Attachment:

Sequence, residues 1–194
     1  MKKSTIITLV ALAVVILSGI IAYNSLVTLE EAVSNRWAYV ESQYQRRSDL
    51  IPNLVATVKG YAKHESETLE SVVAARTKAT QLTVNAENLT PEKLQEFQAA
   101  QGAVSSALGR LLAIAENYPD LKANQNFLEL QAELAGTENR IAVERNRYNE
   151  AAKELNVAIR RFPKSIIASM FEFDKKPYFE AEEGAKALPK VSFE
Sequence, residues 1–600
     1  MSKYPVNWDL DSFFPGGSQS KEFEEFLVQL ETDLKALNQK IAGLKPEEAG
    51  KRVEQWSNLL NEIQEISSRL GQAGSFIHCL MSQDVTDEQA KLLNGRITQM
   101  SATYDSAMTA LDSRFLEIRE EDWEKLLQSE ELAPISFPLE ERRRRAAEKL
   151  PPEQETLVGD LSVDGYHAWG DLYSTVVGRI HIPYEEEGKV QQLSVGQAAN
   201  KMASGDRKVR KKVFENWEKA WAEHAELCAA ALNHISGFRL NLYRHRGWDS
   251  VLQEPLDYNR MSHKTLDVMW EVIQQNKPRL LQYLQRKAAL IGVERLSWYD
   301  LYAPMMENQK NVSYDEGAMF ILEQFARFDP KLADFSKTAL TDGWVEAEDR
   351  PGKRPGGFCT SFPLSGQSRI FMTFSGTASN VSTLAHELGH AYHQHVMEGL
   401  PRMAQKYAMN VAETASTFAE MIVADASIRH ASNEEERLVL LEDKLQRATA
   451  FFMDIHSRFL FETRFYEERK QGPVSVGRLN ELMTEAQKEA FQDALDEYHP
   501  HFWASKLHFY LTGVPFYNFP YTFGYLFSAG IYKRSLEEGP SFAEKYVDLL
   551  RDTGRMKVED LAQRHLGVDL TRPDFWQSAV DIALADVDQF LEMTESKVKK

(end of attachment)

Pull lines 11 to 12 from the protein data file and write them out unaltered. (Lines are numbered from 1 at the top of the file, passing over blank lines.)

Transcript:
   201  KMASGDRKVR KKVFENWEKA WAEHAELCAA ALNHISGFRL NLYRHRGWDS
   251  VLQEPLDYNR MSHKTLDVMW EVIQQNKPRL LQYLQRKAAL IGVERLSWYD